Fig 1 (Flow diagram of the literature search) is a flowchart of the selection of publications in this study. Initially, a total of 150 potentially eligible publications were selected from the electronic databases. After 30 duplicate reports were eliminated, the remaining 120 papers underwent title and abstract screening. Seventy-three studies were excluded for the following reasons: 22 studies did not have a control group and merely gave separate descriptions of SMILE and FS-LASIK; 17 studies’ control groups were not SMILE or FS-LASIK; 34 studies used subjects who did not have high myopia. Ultimately, 12 studies [2,3,6,7,17–24] met our inclusion criteria and were included in this meta-analysis.
Study characteristics and quality
Table 1 summarizes the main characteristics and the quality assessments of these 12 included studies, which were published from 2014 to 2020. A total of 766 patients (1400 eyes) were evaluated, with 748 eyes in the SMILE group (53%) and 652 eyes in the FS-LASIK group (47%). This meta-analysis identified 1 randomized controlled trial (RCT), 4 prospective comparative studies and 7 nonrandomized comparative studies investigating the effects of SMILE and FS-LASIK in the correction of high myopia. These studies were assessed using the NOS (Table 1), and we also formed judgments about each risk-of-bias item for each included study (Fig 2). Overall, these included studies had good quality (average NOS score: 6.5). S1 Table summarizes the surgical procedures used in the 12 included studies. The laser processes involved in SMILE and FS-LASIK were all performed using the VisuMax femtosecond laser system (Carl Zeiss Meditec), and the cap and flap thicknesses used in the 12 articles are also mentioned in S1 Table.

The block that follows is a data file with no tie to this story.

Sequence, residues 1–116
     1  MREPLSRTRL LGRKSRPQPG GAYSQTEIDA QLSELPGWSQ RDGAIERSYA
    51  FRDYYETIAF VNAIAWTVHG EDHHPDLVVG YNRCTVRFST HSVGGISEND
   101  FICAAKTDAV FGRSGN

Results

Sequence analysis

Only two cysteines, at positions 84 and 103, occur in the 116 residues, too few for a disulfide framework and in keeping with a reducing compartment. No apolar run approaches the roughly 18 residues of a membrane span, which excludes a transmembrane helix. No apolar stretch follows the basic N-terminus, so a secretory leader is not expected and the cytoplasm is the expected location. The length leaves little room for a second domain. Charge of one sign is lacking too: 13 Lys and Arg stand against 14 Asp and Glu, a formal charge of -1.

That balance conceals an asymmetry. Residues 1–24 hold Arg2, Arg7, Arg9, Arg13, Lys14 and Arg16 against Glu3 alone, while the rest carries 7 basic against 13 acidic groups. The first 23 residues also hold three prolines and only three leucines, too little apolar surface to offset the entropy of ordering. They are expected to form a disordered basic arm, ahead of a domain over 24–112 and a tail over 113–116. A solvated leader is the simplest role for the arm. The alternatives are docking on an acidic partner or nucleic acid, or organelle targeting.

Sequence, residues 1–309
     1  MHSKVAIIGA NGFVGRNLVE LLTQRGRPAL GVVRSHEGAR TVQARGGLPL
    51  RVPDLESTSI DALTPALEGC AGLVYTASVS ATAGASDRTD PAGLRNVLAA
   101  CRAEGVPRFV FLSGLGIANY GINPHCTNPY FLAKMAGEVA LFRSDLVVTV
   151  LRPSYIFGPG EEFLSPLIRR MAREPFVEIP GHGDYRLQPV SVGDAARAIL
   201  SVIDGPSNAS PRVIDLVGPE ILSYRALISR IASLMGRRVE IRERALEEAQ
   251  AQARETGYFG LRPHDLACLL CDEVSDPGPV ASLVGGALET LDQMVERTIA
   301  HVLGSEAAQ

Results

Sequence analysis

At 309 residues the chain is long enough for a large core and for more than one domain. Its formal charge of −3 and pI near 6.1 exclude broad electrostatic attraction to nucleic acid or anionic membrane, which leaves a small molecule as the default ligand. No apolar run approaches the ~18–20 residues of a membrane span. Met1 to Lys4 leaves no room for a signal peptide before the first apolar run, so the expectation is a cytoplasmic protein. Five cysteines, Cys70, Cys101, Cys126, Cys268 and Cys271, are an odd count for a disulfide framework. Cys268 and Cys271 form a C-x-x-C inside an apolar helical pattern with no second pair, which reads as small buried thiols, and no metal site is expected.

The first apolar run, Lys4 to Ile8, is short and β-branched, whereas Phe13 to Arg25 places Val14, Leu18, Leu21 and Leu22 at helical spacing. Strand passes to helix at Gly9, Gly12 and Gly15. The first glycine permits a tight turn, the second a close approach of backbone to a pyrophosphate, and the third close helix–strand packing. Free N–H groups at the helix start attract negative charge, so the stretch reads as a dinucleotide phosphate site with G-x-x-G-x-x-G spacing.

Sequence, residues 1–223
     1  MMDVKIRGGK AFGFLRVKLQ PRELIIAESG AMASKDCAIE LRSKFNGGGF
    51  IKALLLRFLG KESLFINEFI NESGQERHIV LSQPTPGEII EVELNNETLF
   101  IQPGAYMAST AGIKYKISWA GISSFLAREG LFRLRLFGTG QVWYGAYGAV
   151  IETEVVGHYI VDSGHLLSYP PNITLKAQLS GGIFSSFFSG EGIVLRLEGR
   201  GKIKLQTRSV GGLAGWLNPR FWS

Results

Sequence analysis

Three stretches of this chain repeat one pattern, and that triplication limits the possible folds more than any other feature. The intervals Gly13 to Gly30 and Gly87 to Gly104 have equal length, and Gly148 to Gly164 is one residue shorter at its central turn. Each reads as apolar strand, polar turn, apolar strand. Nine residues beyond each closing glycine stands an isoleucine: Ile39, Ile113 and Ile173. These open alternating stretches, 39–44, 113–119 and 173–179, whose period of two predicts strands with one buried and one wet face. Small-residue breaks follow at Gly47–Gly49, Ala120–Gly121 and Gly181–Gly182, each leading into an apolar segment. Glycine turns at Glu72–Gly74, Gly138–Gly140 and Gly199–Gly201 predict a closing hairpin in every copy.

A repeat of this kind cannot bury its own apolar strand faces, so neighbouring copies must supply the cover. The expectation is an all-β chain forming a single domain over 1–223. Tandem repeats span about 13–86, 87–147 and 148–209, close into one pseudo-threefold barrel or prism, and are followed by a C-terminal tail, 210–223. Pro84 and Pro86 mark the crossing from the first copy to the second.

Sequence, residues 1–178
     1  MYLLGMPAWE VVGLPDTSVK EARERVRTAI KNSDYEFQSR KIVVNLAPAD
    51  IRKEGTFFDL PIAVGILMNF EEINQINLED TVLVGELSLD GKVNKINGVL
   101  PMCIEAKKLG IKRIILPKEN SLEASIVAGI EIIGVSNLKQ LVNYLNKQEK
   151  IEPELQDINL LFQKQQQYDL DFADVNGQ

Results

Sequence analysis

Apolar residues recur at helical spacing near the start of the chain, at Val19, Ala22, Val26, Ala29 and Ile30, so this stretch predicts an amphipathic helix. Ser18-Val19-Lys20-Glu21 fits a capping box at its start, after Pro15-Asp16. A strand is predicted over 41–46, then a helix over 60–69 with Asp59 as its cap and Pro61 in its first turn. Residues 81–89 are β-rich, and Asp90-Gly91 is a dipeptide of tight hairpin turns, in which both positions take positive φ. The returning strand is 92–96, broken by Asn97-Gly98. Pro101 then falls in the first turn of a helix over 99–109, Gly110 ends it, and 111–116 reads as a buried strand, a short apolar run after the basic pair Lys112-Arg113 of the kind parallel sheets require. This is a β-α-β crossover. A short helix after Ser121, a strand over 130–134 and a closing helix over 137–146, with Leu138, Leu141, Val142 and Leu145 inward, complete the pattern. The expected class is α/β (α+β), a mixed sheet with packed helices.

The logMAR values of postoperative UDVA.
Of the 12 included articles, 6 [6,7,17–20] reported the logMAR values of postoperative UDVA. We excluded the study by Likun Xia et al.  in the first and second subgroups because the overall results were highly sensitive to its outcome. An examination of the forest plot showed that, for high myopia, there was no significant UDVA difference between the SMILE group and the FS-LASIK group at the 1- or 3-month follow-up (WMD = -0.01; 95% CI:-0.02 to0.00; I2 = 0%; P = 0.07, WMD = -0.00; 95% CI:-0.01 to 0.01; I2 = 0%; P = 0.83). These 6 studies were followed up for a longer period of time, and the same results were obtained in the long term after surgery (WMD = -0.00; 95% CI: -0.01 to 0.00, I2 = 32%; P = 0.33). The same was true of the combined results (WMD = -0.00, 95% CI, -0.01 to 0.00, I2 = 0%, P = 0.13; Fig 3A: Primary outcomes).